Unfortunately, we do not have earlier recording by him.50
As I mentioned above, Burian’s singing style was that of a Heldentenor with many
belcanto elements. Both Pilinszky and Závodszky used belcanto gestures – portamenti,
fermatas – but while Pilinszky had a clear Heldentenor voice, Závodszky’s singing was
characterized by a sweeter, almost sanctimonious, lyrical singing style. It is worth knowing
that Závodszky’s singing teacher was Georg Anthes, a former German tenor of the Royal
Hungarian Opera who sang in a similar, but more heroic manner. In his obituary of Burian,
Gyula Fodor wrote that Anthes was a priest on the stage and he created mythic heroes, but
Burian created real people out of those mythic heroes.51 The difference between Pilinszky and
Závodszky might be characterized in a similar manner.
Wagner: Lohengrin – “Mein lieber Schwan”. Dates of the recordings used for comparison.
Matrix No.
Cat. No.
Orchestra (Unknown)
April 1911
Staatskapelle Berlin,
April 1928
After 1950
SLPX 12195
Frieder Weissmann
Orchestra (Unknown)
Why did the Budapest press seem to prefer Závodszky? At the time of Pilinszky’s debut
Burian was still an active singer. When Pilinszky sang his first Siegmund and Lohengrin, he
was Burian’s rival. Závodszky was only one year younger than Pilinszky, but he started to
sing the weightier Wagner roles after the death of Burian, and two years after his first
performance of Erik, Pilinszky also left the Royal Hungarian Opera House. Závodszky was
the only permanent Wagner tenor in Budapest. One further reason for the snobbish behaviour
of the Hungarian press concerning Pilinszky could have been that Pilinszky started his career
as a singer of a small countryside theatre in Hungary, in Miskolc, and he was soon assigned
important roles at the Opera House. By contrast, Závodszky had been in training for much
longer: he studied at the music Academy then came to the Opera House, where he first got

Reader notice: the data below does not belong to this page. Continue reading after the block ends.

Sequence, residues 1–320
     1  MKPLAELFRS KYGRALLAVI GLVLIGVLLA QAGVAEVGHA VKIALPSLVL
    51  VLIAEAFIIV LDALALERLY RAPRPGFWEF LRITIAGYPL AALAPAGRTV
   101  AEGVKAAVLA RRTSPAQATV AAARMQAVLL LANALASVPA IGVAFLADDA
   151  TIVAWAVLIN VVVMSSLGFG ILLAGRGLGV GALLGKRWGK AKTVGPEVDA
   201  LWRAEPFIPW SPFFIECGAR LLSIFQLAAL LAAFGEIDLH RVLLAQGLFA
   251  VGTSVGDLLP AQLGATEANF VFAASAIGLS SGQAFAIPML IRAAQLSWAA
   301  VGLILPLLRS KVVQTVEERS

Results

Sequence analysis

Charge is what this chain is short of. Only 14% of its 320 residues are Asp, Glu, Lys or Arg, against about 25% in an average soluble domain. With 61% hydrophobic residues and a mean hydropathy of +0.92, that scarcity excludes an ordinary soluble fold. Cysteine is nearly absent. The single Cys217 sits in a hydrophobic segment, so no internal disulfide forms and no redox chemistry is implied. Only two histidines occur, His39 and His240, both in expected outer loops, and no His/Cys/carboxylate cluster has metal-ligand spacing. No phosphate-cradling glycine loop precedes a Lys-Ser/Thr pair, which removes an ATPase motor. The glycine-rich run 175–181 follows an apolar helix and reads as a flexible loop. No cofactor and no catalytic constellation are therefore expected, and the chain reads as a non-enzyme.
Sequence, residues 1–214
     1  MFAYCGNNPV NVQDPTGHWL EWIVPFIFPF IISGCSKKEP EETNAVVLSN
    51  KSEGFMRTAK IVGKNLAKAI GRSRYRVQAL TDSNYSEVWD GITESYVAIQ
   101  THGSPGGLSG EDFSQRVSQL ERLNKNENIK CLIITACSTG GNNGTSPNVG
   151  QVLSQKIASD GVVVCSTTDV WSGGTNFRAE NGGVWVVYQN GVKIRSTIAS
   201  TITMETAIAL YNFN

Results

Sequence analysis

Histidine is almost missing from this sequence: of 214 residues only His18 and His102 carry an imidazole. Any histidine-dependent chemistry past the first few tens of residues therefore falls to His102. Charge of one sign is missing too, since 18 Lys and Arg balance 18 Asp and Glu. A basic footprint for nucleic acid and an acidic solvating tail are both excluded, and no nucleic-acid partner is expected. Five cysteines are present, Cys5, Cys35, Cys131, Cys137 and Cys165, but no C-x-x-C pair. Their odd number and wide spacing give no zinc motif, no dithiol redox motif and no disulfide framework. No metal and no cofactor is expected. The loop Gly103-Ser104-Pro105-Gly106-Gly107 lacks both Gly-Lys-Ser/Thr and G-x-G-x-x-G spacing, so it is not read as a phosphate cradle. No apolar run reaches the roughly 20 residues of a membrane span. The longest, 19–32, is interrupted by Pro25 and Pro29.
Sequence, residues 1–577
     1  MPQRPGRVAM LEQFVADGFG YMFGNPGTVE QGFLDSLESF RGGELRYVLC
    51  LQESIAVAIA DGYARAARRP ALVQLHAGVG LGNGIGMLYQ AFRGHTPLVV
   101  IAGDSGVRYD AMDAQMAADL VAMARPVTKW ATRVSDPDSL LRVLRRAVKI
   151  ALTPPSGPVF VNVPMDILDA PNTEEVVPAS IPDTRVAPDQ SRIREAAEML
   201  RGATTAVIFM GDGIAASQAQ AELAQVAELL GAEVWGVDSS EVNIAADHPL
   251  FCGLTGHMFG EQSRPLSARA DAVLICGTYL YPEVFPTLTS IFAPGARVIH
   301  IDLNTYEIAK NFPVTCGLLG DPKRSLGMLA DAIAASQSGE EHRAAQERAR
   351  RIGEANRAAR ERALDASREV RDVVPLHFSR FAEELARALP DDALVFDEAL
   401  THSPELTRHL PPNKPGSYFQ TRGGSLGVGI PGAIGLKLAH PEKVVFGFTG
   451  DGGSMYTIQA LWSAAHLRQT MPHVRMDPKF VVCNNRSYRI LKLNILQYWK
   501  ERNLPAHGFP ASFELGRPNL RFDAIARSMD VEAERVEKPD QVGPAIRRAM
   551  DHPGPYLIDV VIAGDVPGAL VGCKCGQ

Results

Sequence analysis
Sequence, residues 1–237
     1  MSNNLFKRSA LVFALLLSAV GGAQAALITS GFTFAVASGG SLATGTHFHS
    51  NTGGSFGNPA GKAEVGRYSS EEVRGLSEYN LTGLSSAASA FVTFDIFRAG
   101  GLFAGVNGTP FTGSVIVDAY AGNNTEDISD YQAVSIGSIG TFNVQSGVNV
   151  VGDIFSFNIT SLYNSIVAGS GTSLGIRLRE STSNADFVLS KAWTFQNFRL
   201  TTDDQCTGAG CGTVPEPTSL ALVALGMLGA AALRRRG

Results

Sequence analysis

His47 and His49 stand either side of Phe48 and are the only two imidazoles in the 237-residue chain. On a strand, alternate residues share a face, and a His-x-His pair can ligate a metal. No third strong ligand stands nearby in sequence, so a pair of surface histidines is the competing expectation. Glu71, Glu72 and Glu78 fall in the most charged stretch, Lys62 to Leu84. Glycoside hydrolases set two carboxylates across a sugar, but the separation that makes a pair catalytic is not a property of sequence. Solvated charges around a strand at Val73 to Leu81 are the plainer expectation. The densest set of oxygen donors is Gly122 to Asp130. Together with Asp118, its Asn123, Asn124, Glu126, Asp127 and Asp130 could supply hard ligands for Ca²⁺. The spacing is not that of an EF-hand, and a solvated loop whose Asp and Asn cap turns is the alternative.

smaller roles and only later main roles. Závodszky’s interpretation shows an interesting
change in tastes and in the prevailing ideas about heroism. He sang the excerpts he recorded
much more slowly. This may be, in part, a consequence of the tempo changes during the first
half of the twentieth century; as the musical details were finely wrought, the tempi were
slower, enabling the details to be heard.
However, Závodszky’s recordings show a strange heroic ideal. His heroes are thoughtful,
meditative, highly responsible and serious. They are like the responsible leaders of
movements, of countries, of ideas. These characteristics may be linked with the history of the
twentieth century as well. It is possible that there was some similarity between the Tristan of
Závodszky and that of Burian or, at least, the version of Burian’s performance that lived on in
The recording is available on Youtube: <http://www.youtube.com/watch?v=g9Tgs2g-5mI>.
Gy. Fodor, „Burián Károly” [Karel Burian], Esti Kurír 2/202 (27 September 1924), p. 5.
the minds of the people of Budapest. After Závodszky’s first performance of Tristan the press
concluded that Závodszky had “translated” the role into a lyric manner,52 although critics
described his voice as a sonorous, clearly shining tenor.53 His Tristan was a little sad and
There were similar remarks about the Burian’s first Tristan in Budapest. He was most
successful in the third act, when Tristan was wounded.55 August Beer wrote the following
about Burian’s performance: “Ein Tristan von nobelstem Stahl, von edler Richterlichkeit und
innerer Bewegung.”56 The atmosphere of Burian’s only recording of Tristan is statuesque; it
is devoid of extreme emotional outbursts.57 According to recent data, Závodszky also
recorded only one excerpt from Tristan und Isolde – the vision from the third act. The